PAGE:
JEFF: There are some general definitions. But a really good working definition that separates out the different plants into categories by how much they really do to our native ecosystems that you're talking about – in my opinion we really don't have that right now.
AMY: So it's really just a matter of, "I see some buddleia in the ravine down the street from my house, so buddleia must be invasive?” Whether it’s actually threatened another plant or not?
JEFF: Right. Exactly. And here it’s buckthorn. Buckthorn seems to be taking over at the edges of forests, and I see it too. Is it an invasive that needs to be controlled at any cost, or is it just a more vigorous plant? Often that question is decided more by politics than science.
AMY: There was one more really interesting point in your book that I wanted to bring up. You made the point that Europe is a completely disrupted, non-native ecosystem. Humans have been there for thousands of years, chopping down trees and bringing in other plants. I thought about that when I was in France this fall. There really aren't any native, undisturbed areas like we have here. I mean, the place was deforested in Roman times. I hear all this talk about advanced forest management practices in Europe that allow much more logging than we allow here—it’s an argument used by the timber industry to justify more clear-cutting—but I drove through a French national forest. It was a tree farm! Literally, trees planted in straight rows and cut on 100-acre rotations. I realized that they just don’t have the kind of ecology we have here.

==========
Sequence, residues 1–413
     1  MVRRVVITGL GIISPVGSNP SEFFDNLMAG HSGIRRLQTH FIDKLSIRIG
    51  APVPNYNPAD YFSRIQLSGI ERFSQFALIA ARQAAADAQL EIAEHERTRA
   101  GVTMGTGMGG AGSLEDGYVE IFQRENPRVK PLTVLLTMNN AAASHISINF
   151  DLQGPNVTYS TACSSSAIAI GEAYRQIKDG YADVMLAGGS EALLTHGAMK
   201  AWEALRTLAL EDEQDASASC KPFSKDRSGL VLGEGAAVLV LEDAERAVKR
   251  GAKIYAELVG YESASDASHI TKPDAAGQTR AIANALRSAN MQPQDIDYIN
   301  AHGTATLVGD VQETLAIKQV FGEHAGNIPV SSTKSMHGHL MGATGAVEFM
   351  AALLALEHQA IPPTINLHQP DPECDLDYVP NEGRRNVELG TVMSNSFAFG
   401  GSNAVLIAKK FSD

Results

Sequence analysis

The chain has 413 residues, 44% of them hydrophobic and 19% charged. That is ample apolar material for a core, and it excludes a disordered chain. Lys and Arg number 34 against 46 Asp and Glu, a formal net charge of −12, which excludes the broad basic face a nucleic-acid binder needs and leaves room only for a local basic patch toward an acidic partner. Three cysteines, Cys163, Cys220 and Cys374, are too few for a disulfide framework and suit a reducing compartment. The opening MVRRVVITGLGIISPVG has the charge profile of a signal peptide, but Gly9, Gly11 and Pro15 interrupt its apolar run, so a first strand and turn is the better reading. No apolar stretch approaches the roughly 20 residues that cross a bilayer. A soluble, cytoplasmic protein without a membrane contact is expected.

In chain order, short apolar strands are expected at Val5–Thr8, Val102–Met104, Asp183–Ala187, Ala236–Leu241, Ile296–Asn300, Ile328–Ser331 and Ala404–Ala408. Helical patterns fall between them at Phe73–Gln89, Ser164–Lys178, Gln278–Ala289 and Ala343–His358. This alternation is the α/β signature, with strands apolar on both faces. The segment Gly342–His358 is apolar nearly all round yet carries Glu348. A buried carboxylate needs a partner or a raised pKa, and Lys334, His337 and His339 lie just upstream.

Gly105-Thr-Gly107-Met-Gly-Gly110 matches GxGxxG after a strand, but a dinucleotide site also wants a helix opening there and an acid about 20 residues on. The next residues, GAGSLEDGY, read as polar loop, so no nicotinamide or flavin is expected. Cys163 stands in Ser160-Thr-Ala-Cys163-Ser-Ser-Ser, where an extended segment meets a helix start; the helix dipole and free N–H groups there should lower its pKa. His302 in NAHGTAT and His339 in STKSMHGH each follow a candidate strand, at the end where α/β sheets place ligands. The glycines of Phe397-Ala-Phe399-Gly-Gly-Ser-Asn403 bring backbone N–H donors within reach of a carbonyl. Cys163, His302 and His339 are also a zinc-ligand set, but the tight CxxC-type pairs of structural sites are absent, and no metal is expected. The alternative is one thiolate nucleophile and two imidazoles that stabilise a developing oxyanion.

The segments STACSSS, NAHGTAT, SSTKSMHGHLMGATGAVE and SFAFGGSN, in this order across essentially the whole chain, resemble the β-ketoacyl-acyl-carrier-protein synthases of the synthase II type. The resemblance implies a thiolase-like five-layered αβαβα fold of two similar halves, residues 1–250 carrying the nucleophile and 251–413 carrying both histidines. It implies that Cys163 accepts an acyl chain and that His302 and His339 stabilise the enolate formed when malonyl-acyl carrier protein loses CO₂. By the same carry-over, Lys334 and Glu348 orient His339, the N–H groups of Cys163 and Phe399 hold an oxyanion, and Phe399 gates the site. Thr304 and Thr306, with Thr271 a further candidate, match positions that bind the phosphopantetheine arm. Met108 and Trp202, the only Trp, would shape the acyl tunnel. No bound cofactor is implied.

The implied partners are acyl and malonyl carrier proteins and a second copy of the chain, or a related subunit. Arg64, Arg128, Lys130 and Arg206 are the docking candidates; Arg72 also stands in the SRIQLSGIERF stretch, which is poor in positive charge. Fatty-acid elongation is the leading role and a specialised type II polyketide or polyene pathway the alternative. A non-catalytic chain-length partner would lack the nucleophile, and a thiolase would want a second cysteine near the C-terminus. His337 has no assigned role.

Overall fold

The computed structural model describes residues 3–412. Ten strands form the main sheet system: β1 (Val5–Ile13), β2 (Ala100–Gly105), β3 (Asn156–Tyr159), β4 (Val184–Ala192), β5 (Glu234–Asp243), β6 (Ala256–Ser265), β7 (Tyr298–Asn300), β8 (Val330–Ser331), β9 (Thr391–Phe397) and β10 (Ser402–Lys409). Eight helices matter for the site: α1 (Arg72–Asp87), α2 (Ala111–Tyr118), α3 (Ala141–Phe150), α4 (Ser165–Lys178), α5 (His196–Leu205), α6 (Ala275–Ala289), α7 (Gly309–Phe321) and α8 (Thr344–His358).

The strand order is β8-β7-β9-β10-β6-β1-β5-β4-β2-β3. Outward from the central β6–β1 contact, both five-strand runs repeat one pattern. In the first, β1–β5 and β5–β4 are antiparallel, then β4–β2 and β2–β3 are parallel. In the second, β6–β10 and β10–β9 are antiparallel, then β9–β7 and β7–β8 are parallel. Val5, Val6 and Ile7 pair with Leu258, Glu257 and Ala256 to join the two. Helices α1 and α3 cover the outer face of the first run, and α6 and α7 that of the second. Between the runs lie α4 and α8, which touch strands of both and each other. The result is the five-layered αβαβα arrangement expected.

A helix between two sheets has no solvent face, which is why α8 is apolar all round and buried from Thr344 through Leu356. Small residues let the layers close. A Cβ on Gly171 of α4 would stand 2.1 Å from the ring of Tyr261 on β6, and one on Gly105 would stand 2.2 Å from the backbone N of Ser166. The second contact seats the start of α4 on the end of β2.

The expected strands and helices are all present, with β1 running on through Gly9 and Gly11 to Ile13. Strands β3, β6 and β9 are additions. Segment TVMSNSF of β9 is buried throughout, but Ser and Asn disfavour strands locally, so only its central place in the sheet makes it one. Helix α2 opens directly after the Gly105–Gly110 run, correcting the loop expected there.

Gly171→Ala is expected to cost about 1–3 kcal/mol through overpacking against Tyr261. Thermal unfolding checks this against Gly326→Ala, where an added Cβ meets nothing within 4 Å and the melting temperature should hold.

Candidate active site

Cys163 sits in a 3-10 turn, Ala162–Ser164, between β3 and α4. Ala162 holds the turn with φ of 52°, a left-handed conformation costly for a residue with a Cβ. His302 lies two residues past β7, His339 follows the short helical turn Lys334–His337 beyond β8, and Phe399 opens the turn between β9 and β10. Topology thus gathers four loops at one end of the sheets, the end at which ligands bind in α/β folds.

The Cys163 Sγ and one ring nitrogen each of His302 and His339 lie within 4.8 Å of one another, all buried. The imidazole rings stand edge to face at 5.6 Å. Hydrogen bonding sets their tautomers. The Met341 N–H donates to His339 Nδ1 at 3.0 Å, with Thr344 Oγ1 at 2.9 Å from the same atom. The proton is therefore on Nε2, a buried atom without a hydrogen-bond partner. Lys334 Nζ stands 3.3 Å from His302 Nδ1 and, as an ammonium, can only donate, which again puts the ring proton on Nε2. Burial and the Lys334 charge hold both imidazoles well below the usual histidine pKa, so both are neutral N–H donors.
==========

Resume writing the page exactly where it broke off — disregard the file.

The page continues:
JEFF: Yes, and when I made that statement in the book I was really thinking about England in particular. They have been bringing plants in since the 1500s. They don’t even know whether the pear is native to the region.
AMY: And yet, as you point out in the book, it continues to be an ecosystem that functions in some way. I mean, England is obviously capable of supporting life — plant life, human life, animal life.
JEFF: But what they have is completely different from what they would have had if humans had never entered the scene. Nature has a way of finding its own balance. New plants change the balance, but that doesn’t mean that the balance ceases to exist.
It's called How the Government got in Your Backyard, and it's available at bookstores everywhere. Check it out.Posted by Amy Stewart on March 2, 2011 at 3:50 am, in the category Unusually Clever People.